December 31, 2012

The Lavender Hill Mob

I often walk down Lavender Hill- its an unremarkable road near Clapham Junction in London and happens to be on my route back from work to home. My walk home- if I chose to do it- goes through Clapham and I'm accompanied by so many other Londoners on their way home. In our suits, we tread through the streets- umbrellas at the ready and with rucksacks and cases to enable us to complete the day's work at home. I'm sure the picture is the same in New York or in Paris or in Tokyo: its the uniform life of the professional middle class everywhere. In some cases its a kind of drudgery- and occasionally on my way home I start dreaming of far off lands and skies and trees, of other worlds and other work and of what I might do with a million pounds or three million or four million. I'm not a lottery player so will never win that kind of money and those dreams for me will always stay dreams.

The Lavender Hill Mob is about a dreamer. Henry Holland does not much like his life- he doesn't like his name for a start. He doesn't like his job at the Bank [of England] escorting gold round London. But he does have what I don't- a plan to get enough money to live the life he wants to lead. We get a sense of what that is in the first scene of a film, sitting in some bar in Rio, he chats to a pretty girl (welcome Audrey Hepburn in her first screen appearance), drinks a glass of something with the British Ambassador and is the life and soul of civilisation, a good fellow to boot. He allies with another dreamer- an artist called Pendlebury. The artist quotes Shakespeare and makes busts: he lives though by making replicas of the Eiffel Tower. Holland wants to be a proper person, Pendlebury a proper artist and all they need is money: cue plot.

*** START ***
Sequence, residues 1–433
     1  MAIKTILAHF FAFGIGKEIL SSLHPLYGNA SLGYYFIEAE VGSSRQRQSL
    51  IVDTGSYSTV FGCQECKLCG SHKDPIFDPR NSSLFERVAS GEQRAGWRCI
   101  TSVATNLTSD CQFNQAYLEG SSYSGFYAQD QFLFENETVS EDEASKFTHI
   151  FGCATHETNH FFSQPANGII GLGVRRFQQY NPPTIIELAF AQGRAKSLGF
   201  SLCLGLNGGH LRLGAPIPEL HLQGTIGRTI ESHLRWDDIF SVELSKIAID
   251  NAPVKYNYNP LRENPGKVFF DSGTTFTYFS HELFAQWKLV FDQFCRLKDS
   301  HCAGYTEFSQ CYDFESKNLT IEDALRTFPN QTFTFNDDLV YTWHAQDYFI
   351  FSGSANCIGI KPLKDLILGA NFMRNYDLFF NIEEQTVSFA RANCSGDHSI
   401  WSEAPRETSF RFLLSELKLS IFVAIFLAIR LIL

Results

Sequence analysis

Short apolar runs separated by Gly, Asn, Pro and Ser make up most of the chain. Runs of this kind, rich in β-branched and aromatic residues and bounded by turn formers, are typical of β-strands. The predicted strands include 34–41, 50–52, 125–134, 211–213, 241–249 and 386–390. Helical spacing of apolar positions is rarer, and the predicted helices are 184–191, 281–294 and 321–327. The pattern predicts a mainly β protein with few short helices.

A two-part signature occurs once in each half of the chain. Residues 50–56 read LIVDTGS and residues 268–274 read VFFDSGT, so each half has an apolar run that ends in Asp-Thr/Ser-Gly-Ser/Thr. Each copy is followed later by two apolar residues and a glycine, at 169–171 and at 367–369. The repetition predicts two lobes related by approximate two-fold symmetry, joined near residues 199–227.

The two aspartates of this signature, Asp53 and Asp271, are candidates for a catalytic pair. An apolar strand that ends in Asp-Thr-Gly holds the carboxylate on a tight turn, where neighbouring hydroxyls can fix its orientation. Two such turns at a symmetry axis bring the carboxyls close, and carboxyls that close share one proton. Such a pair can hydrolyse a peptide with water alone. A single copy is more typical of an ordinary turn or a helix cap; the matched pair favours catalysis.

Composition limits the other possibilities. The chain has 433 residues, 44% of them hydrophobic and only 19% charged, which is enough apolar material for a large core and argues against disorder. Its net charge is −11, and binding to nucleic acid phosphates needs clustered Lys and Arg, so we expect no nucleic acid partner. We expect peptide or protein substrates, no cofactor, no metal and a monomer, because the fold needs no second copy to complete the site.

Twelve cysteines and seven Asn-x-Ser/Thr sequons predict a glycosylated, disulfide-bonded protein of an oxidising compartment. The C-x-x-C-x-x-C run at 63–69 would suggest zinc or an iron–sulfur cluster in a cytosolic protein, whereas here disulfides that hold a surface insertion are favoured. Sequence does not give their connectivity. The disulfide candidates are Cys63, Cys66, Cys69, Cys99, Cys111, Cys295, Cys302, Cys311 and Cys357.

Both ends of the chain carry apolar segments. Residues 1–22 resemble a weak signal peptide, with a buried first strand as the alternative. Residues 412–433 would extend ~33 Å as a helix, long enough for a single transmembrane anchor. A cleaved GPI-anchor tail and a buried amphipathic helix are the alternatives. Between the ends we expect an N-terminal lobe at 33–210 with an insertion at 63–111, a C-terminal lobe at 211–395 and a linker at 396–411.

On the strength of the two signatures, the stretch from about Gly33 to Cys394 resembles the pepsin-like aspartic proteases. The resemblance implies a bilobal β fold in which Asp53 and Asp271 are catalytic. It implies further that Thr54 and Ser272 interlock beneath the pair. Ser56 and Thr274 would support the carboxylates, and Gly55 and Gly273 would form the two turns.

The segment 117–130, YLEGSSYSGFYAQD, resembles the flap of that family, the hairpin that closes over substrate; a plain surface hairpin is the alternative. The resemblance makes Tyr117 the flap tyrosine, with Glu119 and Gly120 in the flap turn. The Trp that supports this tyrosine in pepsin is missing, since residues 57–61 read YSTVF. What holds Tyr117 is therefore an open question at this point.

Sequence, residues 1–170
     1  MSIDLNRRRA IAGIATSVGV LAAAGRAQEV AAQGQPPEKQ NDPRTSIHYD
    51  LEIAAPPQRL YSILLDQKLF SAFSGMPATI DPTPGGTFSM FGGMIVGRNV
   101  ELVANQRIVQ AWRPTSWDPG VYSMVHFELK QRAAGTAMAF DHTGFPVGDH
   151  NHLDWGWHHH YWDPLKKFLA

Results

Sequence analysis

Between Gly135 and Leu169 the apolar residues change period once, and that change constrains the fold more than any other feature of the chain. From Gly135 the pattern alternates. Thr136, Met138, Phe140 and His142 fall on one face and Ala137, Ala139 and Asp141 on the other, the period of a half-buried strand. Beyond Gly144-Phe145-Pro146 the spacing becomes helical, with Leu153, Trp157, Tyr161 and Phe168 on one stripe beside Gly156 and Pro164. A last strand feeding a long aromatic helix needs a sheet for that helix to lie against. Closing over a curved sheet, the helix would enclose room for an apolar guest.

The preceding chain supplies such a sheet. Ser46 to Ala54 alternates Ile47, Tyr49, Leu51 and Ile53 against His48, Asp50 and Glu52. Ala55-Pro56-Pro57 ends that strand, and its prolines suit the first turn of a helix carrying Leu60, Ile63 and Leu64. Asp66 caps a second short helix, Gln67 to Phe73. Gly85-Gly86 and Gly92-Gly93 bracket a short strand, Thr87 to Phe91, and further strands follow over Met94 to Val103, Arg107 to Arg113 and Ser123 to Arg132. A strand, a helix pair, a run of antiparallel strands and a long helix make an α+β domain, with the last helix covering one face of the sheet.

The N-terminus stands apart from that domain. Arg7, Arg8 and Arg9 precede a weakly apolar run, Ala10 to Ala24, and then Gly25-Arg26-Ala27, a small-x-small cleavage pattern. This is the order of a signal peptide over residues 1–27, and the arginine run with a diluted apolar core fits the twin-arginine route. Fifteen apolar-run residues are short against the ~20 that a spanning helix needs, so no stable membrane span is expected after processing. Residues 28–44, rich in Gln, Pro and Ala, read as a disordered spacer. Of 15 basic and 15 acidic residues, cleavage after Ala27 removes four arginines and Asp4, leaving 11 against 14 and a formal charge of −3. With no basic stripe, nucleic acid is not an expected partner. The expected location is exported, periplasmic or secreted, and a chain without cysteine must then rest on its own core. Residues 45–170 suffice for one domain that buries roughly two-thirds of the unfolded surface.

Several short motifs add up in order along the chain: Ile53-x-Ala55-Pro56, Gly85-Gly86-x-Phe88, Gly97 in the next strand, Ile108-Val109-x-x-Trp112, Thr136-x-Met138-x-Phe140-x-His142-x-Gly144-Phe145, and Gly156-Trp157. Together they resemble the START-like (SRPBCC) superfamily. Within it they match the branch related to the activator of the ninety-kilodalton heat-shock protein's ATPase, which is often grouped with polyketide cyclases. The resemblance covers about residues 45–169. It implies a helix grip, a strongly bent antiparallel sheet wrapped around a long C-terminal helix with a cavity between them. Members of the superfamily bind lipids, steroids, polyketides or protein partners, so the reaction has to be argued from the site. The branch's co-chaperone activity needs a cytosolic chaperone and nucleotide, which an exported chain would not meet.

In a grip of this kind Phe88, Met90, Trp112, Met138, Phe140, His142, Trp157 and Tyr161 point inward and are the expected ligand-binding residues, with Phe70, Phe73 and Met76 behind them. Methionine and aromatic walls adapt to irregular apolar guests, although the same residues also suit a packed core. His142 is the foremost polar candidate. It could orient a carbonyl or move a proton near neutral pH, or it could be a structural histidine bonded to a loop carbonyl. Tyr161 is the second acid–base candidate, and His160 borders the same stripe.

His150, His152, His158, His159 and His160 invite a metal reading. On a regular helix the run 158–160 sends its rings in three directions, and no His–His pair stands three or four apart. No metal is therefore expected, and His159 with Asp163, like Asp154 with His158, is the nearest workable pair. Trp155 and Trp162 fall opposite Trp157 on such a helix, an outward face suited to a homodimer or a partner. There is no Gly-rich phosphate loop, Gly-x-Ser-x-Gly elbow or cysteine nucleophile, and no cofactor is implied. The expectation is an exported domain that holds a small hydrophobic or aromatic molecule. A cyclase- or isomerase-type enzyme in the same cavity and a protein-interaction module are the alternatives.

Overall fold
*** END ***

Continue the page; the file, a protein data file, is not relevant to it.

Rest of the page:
They can dream about this plot because they know what they are doing. The film makers themselves were advised by the Bank of England about how to steal the gold in concern (that's the urban myth on IMDB and I rather like it, true or not :)). Holland is the man who guards the gold which goes out from the Bank. He is one of those people who is paid little to perform a responsible position. They can do so because they are 'honest' men- a line actually used in the film itself. This counterposition gives the opportunity for the crime but produces a lot of the comedy. Two rather fabulous middle aged men, quoting Shakespeare, hire some hoodlums in the same way you might hire graduate trainees (see what they can do on the job)- they proceed to get involved in a police chase which resembles something between a real chase and a pair of undergraduates stealing another college's mascot! One of the great comic moments in the film where a respectable landlady explains criminal argot to the police relies on the counterposition between her politeness and her language.

Coming back to Lavender Hill and my walk home, it seems now not so odd a counterposition. Whether Lavender Hill was more realistically down and out then than it now is doesn't really matter. Actually the comedy of the film is enhanced by the fact that this mob now comes from a postcode that every young professional in London seems to desire to live in!